On this blog, from time to time I provide some commentary on news stories involving bullying. There was the case of students tormenting a 68-year-old bus monitor:
And another one in which a 12-year-old girl leaped to her death after more than a year of being cyberbullied:
And several others as well.
The Latest Case
This week I want to discuss a story about some parents who are trying a different approach to addressing the bullying problem. According to a June 18, 2014 story by NBC Chicago, a fourth-grader is suing another fourth grader for bullying him.
Contending he has been the victim of bullying which spanned his entire third-grade year, Matthew and Deveri Del Core filed the suit Tuesday on behalf of their son Joaquin, naming a classmate identified only as “C.A.”, along with the boy’s parents, the school district, and Jeffrey Brusso, principal of Robert Frost Elementary.
The lawsuit alleges that Joaquin had been the victim of almost weekly attacks, ranging from hitting, punching, and kicking, to more violent threats. He would wake up at night screaming and crying, terrified, and did not want to go to school.
Joaquin’s parents filed repeated police reports and met with the school, to no avail. In one of those reports, an investigating officer notes that the alleged assailant’s parent said he had “anger issues.”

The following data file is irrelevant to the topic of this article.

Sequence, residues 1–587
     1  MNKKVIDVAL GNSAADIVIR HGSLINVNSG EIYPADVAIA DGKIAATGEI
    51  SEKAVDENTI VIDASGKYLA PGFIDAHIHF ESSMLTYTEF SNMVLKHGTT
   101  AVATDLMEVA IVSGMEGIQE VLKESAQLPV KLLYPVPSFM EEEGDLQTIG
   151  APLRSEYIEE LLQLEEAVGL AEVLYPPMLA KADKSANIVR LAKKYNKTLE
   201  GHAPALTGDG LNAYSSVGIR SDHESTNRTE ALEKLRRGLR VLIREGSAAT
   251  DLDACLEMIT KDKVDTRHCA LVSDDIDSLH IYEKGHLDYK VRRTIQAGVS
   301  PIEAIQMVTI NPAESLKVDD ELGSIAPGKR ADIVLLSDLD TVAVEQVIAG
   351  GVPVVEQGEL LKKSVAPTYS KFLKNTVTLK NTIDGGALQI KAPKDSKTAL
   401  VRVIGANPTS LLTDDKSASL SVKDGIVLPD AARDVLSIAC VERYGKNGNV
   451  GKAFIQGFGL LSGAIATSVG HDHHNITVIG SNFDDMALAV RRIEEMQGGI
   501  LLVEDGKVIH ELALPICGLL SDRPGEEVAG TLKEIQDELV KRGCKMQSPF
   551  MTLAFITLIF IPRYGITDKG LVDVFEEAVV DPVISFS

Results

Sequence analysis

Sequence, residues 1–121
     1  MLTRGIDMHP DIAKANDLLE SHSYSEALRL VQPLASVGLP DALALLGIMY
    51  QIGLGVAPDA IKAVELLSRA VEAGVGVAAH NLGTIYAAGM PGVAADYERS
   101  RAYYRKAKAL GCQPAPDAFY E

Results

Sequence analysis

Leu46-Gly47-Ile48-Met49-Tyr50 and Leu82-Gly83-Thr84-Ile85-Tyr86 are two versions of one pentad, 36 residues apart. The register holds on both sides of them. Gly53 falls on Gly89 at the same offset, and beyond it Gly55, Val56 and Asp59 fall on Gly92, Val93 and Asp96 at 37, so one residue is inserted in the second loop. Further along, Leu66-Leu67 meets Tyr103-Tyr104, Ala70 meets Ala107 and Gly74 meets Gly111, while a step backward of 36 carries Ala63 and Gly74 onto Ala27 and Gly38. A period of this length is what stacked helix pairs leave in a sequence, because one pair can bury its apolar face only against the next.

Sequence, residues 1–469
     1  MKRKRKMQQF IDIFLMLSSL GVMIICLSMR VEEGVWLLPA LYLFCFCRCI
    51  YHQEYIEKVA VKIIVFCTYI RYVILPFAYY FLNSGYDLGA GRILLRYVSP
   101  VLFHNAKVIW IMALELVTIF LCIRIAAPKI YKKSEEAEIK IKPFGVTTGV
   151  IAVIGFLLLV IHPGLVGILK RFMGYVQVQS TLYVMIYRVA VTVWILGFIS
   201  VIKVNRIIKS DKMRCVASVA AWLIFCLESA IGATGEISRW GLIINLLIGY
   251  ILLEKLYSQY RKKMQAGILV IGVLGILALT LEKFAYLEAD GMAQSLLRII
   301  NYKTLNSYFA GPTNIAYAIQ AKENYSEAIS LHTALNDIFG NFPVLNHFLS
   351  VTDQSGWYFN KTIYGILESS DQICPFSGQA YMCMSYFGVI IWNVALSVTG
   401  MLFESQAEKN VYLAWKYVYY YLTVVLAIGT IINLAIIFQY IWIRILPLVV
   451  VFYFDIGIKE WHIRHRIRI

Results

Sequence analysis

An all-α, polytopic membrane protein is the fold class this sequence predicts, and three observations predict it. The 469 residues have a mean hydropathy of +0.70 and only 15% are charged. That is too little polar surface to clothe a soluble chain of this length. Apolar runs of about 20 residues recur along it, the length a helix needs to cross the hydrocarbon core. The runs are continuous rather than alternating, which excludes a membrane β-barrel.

“The school said they were taking action and assured us it wouldn’t happen again, and it would just keep happening,” Joaquin’s father said. “(They would say) ‘Yes, we’ll handle it, rest assured…’ and then it would happen again a week later!”
So far the case is not going too well from the perspective of Joaquin’s parents:
Within hours of filing the complaint in Cook County Circuit Court, Ms. Del Core said she was fired from her job in the Robert Frost Elementary cafeteria. A termination letter from the school’s cafeteria contractor, said she was being fired ‘at the request of the client,’ because actions she had taken ‘have been detrimental to the physical and mental well-being of students and staff.’
The family’s attorney, Joel Handler, said he would now amend the complaint, to include a charge of retaliatory discharge against the school, for firing the boy’s mother. For their part, the parents said they hoped the lawsuit sends a message.
“Kids, all kids, need to be in a safe and healthy environment to learn in, because learning fuels the rest of your life,” Matthew Del Core said. His wife suggested that the suit might actually help the alleged assailant. “This isn’t just about our son any more,” she said. “This is about the child that’s been bullying our son, that he gets the help that he needs, and that the school provides it for him.”
In the above example, I am relying solely on the NBC Chicago story. I have no first-hand knowledge about what has actually taken place. And of course the story is still unfolding. But I have no doubt that incidences such as the one I just described occur regularly in our schools.
Some people will enjoy reading this blog by beginning with the first post and then moving forward to the next more recent one; then to the next one; and so on. This permits readers to catch up on some ideas that were presented earlier and to move through all of the ideas in a systematic fashion to develop their emotional and social intelligence. To begin at the very first post you can click HERE.